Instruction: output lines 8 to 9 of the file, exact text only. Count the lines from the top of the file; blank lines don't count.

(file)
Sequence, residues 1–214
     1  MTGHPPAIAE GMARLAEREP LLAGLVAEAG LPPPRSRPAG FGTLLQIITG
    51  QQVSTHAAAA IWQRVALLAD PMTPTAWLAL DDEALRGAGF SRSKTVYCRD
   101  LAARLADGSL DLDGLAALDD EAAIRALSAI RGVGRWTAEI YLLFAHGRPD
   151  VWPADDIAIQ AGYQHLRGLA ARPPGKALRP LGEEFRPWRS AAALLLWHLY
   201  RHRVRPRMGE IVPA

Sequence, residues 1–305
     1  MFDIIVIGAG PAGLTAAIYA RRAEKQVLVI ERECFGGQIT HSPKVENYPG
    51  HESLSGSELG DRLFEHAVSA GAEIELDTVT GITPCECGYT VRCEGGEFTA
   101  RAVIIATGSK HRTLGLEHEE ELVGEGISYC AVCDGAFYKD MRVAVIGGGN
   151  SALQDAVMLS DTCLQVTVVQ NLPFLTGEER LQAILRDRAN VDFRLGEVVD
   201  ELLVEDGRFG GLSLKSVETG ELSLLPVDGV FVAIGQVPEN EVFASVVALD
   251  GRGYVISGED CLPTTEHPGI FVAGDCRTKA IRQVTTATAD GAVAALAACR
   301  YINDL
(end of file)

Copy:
     1  MFDIIVIGAG PAGLTAAIYA RRAEKQVLVI ERECFGGQIT HSPKVENYPG
    51  HESLSGSELG DRLFEHAVSA GAEIELDTVT GITPCECGYT VRCEGGEFTA